Potala Palace Lhasa, Tibet

The Potala Palace is located in the city of Lhasa in Tibet. The palace is situated at an altitude of 3,700 meters on the Red Hill (MARP Ri) in the middle of Lhasa Valley. It is the royal palace and Buddhist temple complex, which was the main residence of the Dalai Lama until the flight of the Dalai Lama XIV in Dharamsala (India) after the Chinese invasion of Tibet in 1959. The palace is located in the city overlooking the high hill. The total area of ​​the palace complex is 360 thousand sq. M. m. The name of the palace comes, apparently, from the legendary Mount Potala, the home of the bodhisattva Chenrezig (Avalokiteshvara), which is in the land of the Dalai Lama.
In 637 the king of Tibet Songtsen Gampo built the first building here in the place where he used to meditate. When he decided to make his capital Lhasa, he built a palace. After his engagement with the Chinese princess Wen Cheng, he expanded to 999 rooms palace, erected walls and towers and dug a diversion channel. In the second half of the VIII century, the palace was hit by lightning and burned wooden buildings, and then because of civil wars destroyed the palace. Now from the original buildings preserved only cave-Fa Wang and Hall Pabalakan.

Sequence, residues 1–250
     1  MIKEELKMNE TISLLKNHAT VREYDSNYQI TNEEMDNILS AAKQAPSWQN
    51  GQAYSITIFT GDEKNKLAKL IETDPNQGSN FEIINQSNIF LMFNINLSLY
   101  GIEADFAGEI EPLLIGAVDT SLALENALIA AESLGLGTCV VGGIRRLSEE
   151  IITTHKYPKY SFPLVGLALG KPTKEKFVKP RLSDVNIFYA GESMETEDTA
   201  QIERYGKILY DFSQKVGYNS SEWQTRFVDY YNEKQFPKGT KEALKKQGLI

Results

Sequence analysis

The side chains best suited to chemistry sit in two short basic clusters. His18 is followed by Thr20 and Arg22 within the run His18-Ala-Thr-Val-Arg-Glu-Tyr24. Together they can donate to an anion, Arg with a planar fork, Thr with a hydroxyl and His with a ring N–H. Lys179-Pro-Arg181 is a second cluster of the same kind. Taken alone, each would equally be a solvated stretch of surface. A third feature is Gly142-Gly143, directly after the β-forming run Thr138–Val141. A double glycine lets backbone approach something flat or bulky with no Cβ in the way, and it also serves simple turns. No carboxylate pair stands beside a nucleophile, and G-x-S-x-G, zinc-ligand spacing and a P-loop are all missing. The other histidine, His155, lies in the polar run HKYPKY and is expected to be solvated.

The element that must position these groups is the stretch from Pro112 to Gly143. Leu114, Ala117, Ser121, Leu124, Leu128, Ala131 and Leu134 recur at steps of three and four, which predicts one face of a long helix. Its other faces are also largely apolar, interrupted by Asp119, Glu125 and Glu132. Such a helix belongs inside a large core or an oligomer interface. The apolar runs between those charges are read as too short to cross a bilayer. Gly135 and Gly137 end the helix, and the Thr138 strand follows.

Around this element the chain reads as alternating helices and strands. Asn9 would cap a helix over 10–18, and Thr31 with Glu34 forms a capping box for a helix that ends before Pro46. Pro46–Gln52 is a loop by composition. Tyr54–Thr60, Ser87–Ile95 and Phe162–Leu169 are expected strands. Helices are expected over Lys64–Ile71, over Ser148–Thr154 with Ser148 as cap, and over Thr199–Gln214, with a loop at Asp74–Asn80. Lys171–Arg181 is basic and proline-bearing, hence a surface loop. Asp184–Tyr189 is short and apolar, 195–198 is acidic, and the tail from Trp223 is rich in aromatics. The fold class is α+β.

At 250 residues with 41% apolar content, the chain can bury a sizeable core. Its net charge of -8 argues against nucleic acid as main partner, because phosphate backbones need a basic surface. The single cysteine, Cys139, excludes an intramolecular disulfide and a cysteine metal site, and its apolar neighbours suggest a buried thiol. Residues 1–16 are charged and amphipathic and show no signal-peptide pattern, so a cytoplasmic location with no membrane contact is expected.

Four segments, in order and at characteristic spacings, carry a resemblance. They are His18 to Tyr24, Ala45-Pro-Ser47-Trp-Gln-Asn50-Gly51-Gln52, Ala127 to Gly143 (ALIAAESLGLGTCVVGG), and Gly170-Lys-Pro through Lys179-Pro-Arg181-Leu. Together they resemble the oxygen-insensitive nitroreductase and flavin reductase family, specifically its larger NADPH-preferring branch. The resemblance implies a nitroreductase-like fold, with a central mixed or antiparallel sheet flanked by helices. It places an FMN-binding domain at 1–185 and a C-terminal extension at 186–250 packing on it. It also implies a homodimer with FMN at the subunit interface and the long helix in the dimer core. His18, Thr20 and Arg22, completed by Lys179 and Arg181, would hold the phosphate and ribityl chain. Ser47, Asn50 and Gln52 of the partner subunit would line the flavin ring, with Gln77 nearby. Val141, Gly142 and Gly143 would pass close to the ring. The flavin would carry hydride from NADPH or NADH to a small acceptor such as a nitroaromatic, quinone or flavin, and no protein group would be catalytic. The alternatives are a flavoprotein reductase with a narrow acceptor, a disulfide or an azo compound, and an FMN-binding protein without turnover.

The palace in its present form was started in 1645 on the initiative of the Dalai Lama V. Three years later, construction was completed on the White Palace (Potrang carp), and the Potala was used as a winter residence of the Dalai Lamas. Red Palace (Potrang MARP) was completed between 1690 and 1694 years. White Palace consists of a large oriental pavilion solar pavilion, residential quarters regent and tutor of the Dalai Lama, as well as the premises of the government. Great Eastern Pavilion was used for official ceremonies, in a sunny pavilion Dalai Lama actually lived and worked, read the scriptures, studied management. Red Palace was a place of prayer and religious rituals. Today, Potala Palace is a museum, is actively visited by tourists, while remaining a place of pilgrimage for Buddhists and continuing use in Buddhist rituals.


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